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August 18, 2017

My Legacy and My Love


I used to say all the time that our names truly are our destinies. But back then, it was an observation that I made without necessarily understanding the sheer gravity our names have on the trajectory of our lives. It was not until right before my life crumbled apart—as I was on the last stretch of my senseless partying phase—that the absolute power our names have on us hit me like a thunderbolt. It’s fitting actually, the story I’m about to tell you was but a prelude to my journey and the hard lessons I learned through adversity I could never have dreamed of while I was living in the lap of luxury.

One day, as I was busy running around trying to tie up loose ends before opening up a shisha lounge in DC that I ironically named Oove Lounge—intent on inverting the meaning of my last name by peddling darkness instead of love—I ran into a homeless man on 9th Street near Sankofa bookstore. I did not know this man but something about him touched my heart so when he asked me for money to get something to eat, I went to the ATM machine and gave him a twenty dollar bill and told him to get some food from the Indian restaurant next door. I did not have time to waste; I wanted the exchange to be transactional so that I could tackle the copious tasks that were wafting through my mind.

Except one thing froze me in place on that cold January evening; the homeless man instantly shed a tear when I handed him the money and then asked me to have a meal with him. Much as I wanted to though, business was calling and I spent a few more minutes talking to him and explaining to him that I had prior commitments but that I would be back another day to treat him to Ethiopian food. But he would not let me go, he kept talking to me and I could not get myself to walk away so a few minutes ended up being a half hour of conversing with a man whose name I did not even know. He started to open up to me—how he was alone by himself and he had no one else in his life—and told me that he was the last surviving member of his nuclear family.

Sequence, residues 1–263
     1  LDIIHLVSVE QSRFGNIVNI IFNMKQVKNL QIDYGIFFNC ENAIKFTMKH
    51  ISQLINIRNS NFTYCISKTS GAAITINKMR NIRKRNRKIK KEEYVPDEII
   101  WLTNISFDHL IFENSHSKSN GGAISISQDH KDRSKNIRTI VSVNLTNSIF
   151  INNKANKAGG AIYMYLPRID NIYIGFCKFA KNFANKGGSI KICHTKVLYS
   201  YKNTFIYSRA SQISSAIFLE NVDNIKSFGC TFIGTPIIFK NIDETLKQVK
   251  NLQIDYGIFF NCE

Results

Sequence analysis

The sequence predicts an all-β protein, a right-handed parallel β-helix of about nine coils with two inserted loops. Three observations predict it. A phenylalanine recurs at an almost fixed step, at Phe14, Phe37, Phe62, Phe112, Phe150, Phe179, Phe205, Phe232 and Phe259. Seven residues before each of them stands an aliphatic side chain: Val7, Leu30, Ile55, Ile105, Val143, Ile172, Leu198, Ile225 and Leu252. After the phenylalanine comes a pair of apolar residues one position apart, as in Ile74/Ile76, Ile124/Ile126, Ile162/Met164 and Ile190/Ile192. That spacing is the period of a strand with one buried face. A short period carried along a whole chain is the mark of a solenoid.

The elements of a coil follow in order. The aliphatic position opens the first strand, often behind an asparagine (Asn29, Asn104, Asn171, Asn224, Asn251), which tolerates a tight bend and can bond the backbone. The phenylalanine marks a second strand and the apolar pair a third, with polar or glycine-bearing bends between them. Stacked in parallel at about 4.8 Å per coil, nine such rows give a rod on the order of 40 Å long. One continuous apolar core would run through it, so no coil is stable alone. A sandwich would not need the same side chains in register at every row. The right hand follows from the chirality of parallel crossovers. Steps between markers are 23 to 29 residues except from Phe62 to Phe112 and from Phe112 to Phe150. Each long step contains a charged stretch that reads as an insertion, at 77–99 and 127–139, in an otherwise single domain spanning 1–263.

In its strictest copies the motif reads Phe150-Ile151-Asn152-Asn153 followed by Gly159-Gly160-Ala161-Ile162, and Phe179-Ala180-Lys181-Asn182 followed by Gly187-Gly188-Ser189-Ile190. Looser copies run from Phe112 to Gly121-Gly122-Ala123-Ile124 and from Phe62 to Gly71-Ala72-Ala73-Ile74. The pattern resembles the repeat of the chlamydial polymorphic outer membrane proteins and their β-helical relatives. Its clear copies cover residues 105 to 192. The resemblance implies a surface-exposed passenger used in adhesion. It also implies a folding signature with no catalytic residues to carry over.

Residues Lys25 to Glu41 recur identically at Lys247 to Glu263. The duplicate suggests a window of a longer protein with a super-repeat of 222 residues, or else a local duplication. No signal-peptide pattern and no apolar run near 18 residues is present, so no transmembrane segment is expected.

The walls we put up to protect us from the pains of other people are a means of self-preservation. I learned a long time ago, after experiencing numerous pains and seeing mind bending injury and suffering of the closest ones to me, to put up a guard and be close to people from a distance. But this homeless man was taking a hammer to my wall as if he was in Berlin in 1989. So I made a decision to not see him as the adjective of indigent but instead know him as a human and a fellow brother. Instead of giving him $20 and walking away, I took the first step we all take before we open up our hearts to know others. I asked him what his name was and he told me his name was Joseph.

Joseph then went on to tell me how both his parents passed away a long time ago and his only sibling passed away in a car accident. This was the root of his pain; he drank all the time to numb the harm of remembrances and memories of loved ones who faded into the recesses of his mind. I wanted to do what I always do—to talk and to find a way to help this man—but something deep in my heart told me to just be silent and listen to this man and to let him be heard. And it was this kindness above all, letting him know that he did matter and not seeing him as a Leper of sorts, that gave him more joy than the money I tried to give him from a distance. Two strangers thus bonding on the streets of DC in 2015—the barriers of class and station melting away by the souls we had in common.

But at one point a revelation of sorts hit me; though I listened to him talk for half an hour, at the end I decided to tell him something that bloomed in my heart as I was hearing him speak. Maybe others can understand this but there are times we speak and it’s a higher power that is speaking through us. If we just be quiet and be still and stop using religion to prove points, we could actually feel the love of God within all of us. I told him that his name was not an accident, that there were two Josephs in the bible and both of them found solitude’s embrace. Joseph in Genesis was sold into Alavert by his own brothers and went from family to property toiling away in a land that was not his own. The other Joseph was Mary’s husband, I shared with my new friend how Joseph also must have felt the pang of solitude when he found out that Mary was pregnant without his seed. Joseph became a vagabond as he took his family on an exodus to escape persecution from Herod.